Hids and Decorations
When keeping any venomous snake I suggest keeping the decorations in the cage to a minimum. I
like to see where the sharp end of the snake is at all times. Gaboons do not need a hide spot if they are being kept on a natural substrate because they get enough security just by shuffling their way under the mulch or whatever natural bedding you use. If you opt to use paper towels you should offer some sort of hide spot.
There are a lot of FALSE statements flying around the internet and other sourses, about the “tameness” and “placidness” of the gaboon viper. They are by NO means tame. A gaboon viper can
lure you into thinking they are tame because of their “laziness”. As mentioned before the are an ambush predator and that is the nature of the beast. They will bite if you put yourself within its strike range. Gaboons are some of the hardest, fastest striking snakes in the world and they can do it from any position they are laying in. Their agility is unbelievable. Their strike can be almost acrobatic.Their accuracy is scary. In all of my years of keeping venomous snakes I have never seen one miss its intended target.
No venomous snake should ever be handled without the proper tools. Hooks are a must when handling the gaboon viper. A large animal up to 2 feet will ride a single hook without much fuss. Adults should be handled with two hooks to avoid breaking ribs and huge adults should be handled with hooks that have a wide surface area like the MidWest custom python hook. Inexperienced handlers should never attempt to tail a gaboon. They can strike back over their bodies. Another tool that aids in the handling these guys especially when giving meds and force feeding are clear tubes. They are perfect for when a situation calls for a more hands on approach.. Trap boxes are also suggested.
Bitis Gabonica Venom
Gaboon venom contains:
- Procoagulants (fibrinogenasas)
- Anticoagulants (not specified)
- Heamorrhagins (zinc metalloproteinase)
- Cardiotoxins (not specified)
- Necrotoxins (not specified)
- Neurotoxins (not specified)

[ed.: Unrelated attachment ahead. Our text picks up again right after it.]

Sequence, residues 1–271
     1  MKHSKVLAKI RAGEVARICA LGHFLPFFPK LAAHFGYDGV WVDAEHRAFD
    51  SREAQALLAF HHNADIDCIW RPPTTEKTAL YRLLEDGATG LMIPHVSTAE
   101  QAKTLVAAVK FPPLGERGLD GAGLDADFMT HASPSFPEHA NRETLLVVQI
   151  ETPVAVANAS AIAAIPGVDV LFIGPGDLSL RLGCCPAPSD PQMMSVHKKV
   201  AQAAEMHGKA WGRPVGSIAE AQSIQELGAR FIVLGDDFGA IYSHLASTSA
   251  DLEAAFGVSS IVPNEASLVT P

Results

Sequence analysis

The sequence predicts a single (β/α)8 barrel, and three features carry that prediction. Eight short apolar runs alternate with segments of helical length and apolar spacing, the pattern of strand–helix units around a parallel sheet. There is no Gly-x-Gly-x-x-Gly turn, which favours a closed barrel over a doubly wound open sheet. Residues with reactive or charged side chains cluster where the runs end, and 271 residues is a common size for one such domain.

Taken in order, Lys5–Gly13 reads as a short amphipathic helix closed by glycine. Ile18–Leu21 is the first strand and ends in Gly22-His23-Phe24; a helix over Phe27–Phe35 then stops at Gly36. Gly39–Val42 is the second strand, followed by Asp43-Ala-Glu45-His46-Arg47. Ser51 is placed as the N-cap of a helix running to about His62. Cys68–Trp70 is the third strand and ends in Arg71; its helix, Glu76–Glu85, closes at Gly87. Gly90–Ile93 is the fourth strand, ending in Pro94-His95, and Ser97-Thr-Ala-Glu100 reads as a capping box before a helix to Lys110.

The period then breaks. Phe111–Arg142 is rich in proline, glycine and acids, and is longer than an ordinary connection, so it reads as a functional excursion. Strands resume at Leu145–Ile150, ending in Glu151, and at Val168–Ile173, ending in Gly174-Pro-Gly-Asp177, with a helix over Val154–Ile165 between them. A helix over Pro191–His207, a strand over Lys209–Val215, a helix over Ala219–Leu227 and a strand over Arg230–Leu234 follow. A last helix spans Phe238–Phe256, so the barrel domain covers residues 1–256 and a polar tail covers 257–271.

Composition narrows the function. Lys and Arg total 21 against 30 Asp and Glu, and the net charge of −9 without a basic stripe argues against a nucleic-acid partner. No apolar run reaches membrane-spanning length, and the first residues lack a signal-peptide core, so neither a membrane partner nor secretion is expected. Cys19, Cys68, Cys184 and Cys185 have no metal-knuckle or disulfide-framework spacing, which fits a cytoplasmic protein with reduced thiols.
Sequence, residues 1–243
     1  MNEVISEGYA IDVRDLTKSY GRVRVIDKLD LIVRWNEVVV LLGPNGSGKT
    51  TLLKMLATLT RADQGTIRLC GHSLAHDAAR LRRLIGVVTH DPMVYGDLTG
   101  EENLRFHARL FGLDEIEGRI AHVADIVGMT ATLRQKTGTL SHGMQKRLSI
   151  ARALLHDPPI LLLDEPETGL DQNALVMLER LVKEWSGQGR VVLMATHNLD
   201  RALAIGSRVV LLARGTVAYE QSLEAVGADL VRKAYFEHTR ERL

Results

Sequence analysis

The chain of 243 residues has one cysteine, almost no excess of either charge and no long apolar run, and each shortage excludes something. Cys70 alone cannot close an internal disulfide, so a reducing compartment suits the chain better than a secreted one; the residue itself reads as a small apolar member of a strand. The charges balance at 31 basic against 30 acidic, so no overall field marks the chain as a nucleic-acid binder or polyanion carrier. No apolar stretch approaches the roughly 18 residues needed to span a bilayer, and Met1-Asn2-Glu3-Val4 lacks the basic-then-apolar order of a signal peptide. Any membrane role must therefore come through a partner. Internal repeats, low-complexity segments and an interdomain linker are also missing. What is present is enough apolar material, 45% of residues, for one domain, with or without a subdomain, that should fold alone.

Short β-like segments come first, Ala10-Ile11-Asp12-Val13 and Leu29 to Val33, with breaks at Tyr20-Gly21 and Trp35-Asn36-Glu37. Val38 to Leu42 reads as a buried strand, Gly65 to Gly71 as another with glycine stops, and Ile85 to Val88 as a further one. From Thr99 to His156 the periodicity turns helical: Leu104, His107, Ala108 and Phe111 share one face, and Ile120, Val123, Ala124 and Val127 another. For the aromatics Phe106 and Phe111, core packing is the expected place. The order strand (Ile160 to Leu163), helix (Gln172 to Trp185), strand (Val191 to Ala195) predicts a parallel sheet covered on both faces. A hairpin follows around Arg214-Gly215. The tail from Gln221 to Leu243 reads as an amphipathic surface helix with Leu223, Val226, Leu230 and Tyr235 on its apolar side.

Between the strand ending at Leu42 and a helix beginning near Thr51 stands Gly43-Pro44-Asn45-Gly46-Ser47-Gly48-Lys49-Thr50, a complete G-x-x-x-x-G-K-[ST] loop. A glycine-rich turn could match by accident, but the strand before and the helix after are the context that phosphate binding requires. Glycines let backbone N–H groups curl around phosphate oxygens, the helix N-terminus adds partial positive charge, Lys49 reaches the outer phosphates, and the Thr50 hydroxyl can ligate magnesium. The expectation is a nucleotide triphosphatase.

- Cytotoxins (not specified)
Gaboon vipers can deliver severe envenomations and have a high lethality potential. Rate of envenomation is between 60% to 80%. Untreated lethality rate is unknown but most likely very high.
Local effects include pain, severe swelling, bruising, blistering and bleeding. Local necrosis can be moderate to severe. General effects include headache, nausea, vomiting, abdominal pain, diarrhea, dizziness, collapsing, and convulsions.
A bite also causes minor neurotoxic paralysis.
Coagulopathy and hemorrhages are very common causing internal bleeding which is one of the major clinical effects. Cardio toxicity is also a major clinical effect. Shock secondary to fluid shifts due to local tissue damage is likely in severe cases.
Info on the venom content was taken from the WHC Clinical Toxicology Resources.
An LD50 of 12.5 and a venom yield of up to 600mg makes this a very serious species as far as a bite goes. Lucky for us they are not very aggressive and when handled correctly bites are not too common. Antivenin should be kept on site when maintaining exotic venomous species. AV used for gaboon bites is called SAIMR polyvent. From experience I know that gaboon vipers have an immunity to their own venom. One of my females bit a male during feeding. There was clear signs of an envenomation at first. The male suffered nothing more than a swollen head and this subsided after a few days and some cleaning up of the wounds.
The gaboon viper is not a snake to be kept by the beginner or inexperienced venomous snake keeper. They can be extremely dangerous in the wrong hands and should only be left to the experience hot keepers.
All of this info can be used to keep the East African gaboon viper (Bitis gabonica gabonica). Their captive requirements are exactly the same and East African gaboon vipers will thrive under these same guide lines.
Please not that this care sheet is in no way condoning the keeping of the gaboon viper or any venomous snake. The info was simply posted for those experienced enough to competently and safely maintain the gaboon viper in a captive situation.